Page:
In May, TSB announced that it was going to sign the Time to Change pledge, run by the charities Mind and Rethink Mental Illness, to show its commitment to supporting the mental health of employees.
Iain Laing (TSB’s Chief Risk Officer and executive sponsor for wellbeing) is quoted as saying:
“Mental health is an issue we can’t afford to ignore. [According to Time to Change,] a quarter of British workers are affected by conditions like anxiety, depression and stress every year, so it really isn’t something that any of us should feel uncomfortable talking about.
“That’s why I’m delighted to sign up to the Time to Change Pledge, which not only commits the bank to an action plan for change, but also gives a very clear message to all of our [employees] that talking about mental health isn’t a taboo. In fact, it’s something we encourage. Because no one should feel the need to say, ‘I’m fine’ when they’re not.”
Starting The Conversation
He’s saying all the right things, but should we be impressed?
Not at all!
On the very same day that TSB’s Chief Risk Officer signed the Time to Change pledge, a member elsewhere in the business received the news that her employment was to be terminated by TSB due to her absence. The member’s absence was related predominantly to stress and anxiety, from which she has suffered for a number of years and which quite clearly constituted a disability.
TSB refused to acknowledge that the member was disabled and failed to consider what adjustments it could make to help her. Instead it embarked on a hasty campaign to eject her from the business.
As the executive sponsor for wellbeing, what does Mr Laing have to say about TSB’s treatment of this member and what’s he going to do about it?
Disability and the Employment Tribunal
In February, an Employment Tribunal gave its verdict in a disability discrimination claim brought by the union against Lloyds Bank on behalf of a disabled member who suffers from severe mental health issues caused by stress at work.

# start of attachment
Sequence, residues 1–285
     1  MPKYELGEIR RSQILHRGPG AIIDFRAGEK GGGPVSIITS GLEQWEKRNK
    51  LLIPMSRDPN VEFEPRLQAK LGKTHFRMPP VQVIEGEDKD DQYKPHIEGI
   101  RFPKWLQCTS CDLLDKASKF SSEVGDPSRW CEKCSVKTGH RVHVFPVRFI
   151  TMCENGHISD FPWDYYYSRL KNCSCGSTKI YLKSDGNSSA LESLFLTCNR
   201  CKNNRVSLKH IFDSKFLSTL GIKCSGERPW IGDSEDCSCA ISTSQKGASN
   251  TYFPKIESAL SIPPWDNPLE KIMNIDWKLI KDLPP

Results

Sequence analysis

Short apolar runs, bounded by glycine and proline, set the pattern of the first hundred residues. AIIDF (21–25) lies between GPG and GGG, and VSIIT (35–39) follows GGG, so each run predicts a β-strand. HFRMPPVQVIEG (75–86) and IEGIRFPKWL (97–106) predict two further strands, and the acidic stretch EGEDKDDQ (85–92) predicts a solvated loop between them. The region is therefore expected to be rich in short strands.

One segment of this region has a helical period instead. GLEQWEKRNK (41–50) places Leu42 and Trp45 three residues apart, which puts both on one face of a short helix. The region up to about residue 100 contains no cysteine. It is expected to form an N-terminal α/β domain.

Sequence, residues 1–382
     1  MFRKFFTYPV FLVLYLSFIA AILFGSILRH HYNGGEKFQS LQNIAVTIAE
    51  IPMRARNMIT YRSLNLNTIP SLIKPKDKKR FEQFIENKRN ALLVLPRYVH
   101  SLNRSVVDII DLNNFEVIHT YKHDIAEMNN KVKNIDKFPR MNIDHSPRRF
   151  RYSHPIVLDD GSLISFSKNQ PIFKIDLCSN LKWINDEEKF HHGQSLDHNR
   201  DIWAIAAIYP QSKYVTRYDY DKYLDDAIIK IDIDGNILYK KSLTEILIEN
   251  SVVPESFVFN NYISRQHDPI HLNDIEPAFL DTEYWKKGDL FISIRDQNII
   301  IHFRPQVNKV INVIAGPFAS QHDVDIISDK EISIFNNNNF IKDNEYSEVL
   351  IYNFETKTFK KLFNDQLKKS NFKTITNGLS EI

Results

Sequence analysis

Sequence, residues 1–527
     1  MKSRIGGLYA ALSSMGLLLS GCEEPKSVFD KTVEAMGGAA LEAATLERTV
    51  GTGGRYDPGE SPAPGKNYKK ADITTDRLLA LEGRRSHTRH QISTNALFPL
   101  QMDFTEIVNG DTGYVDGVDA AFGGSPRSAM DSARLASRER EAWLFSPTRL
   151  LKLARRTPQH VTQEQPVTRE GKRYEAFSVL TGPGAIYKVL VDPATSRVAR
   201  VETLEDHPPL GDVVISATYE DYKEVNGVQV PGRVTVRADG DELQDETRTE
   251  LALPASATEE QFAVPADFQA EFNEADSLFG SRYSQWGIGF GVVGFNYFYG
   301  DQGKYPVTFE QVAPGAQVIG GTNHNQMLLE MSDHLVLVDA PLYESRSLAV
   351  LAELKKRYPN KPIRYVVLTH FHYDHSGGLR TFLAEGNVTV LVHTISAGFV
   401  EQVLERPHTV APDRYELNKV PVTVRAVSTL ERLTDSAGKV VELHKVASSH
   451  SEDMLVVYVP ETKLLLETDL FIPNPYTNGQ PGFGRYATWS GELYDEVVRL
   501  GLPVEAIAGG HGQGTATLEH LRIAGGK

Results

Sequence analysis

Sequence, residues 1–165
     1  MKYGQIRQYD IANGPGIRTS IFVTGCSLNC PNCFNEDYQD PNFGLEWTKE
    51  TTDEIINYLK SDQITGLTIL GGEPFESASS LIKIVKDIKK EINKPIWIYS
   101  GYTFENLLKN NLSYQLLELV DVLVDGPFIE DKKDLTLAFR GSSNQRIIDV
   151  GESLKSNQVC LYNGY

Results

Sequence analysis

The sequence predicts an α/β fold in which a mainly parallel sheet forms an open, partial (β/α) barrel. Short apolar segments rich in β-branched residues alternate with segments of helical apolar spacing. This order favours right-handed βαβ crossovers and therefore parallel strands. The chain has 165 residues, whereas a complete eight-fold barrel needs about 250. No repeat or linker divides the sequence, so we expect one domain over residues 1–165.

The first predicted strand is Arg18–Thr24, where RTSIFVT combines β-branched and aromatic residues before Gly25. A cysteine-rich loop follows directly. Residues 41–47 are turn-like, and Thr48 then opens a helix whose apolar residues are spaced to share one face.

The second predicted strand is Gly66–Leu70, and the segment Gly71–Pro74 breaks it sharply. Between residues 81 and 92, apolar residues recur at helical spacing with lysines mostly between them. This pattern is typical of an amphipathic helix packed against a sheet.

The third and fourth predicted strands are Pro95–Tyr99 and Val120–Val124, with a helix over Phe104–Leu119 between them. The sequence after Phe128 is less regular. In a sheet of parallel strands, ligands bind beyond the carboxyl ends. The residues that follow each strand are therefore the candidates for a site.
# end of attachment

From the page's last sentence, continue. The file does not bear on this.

The Tribunal panel, consisting of an Employment Judge and two wing members, came to the unanimous decision that Lloyds had failed to make reasonable adjustments for the disabled member of staff, despite her repeated requests for help over a substantial period of time.
The Judgement was a stark warning that warm words and glossy PR campaigns fool no one: Employment Tribunals will judge employers on what they do not what they say.
Mental Health in TSB
Our bet is that although there will be some examples of good management of people with mental health issues, as there have always been, mental health and wellbeing will not be as high up the priority list as they should be in an organisation that’s being re-focused on cutting costs and driving up sales. Organisational stress is going to be a constant issue, with people being forced to move to new work locations, asked to work even more flexibly with unpaid overtime and pushed to hit sales targets (however they’re dressed-up).
In that environment there is a real prospect that TSB will produce policies that say all the right things but bear no relation to what happens on the ground.
Where mental health is concerned, TBU will scrutinise the Bank’s treatment of members carefully and if it fails to give them the support they are entitled to, we will take their cases to the Employment Tribunal. There, the individuals responsible will be held accountable for their actions.
You can tell us about your experience of TSB’s approach to mental health by emailing us at email@example.com.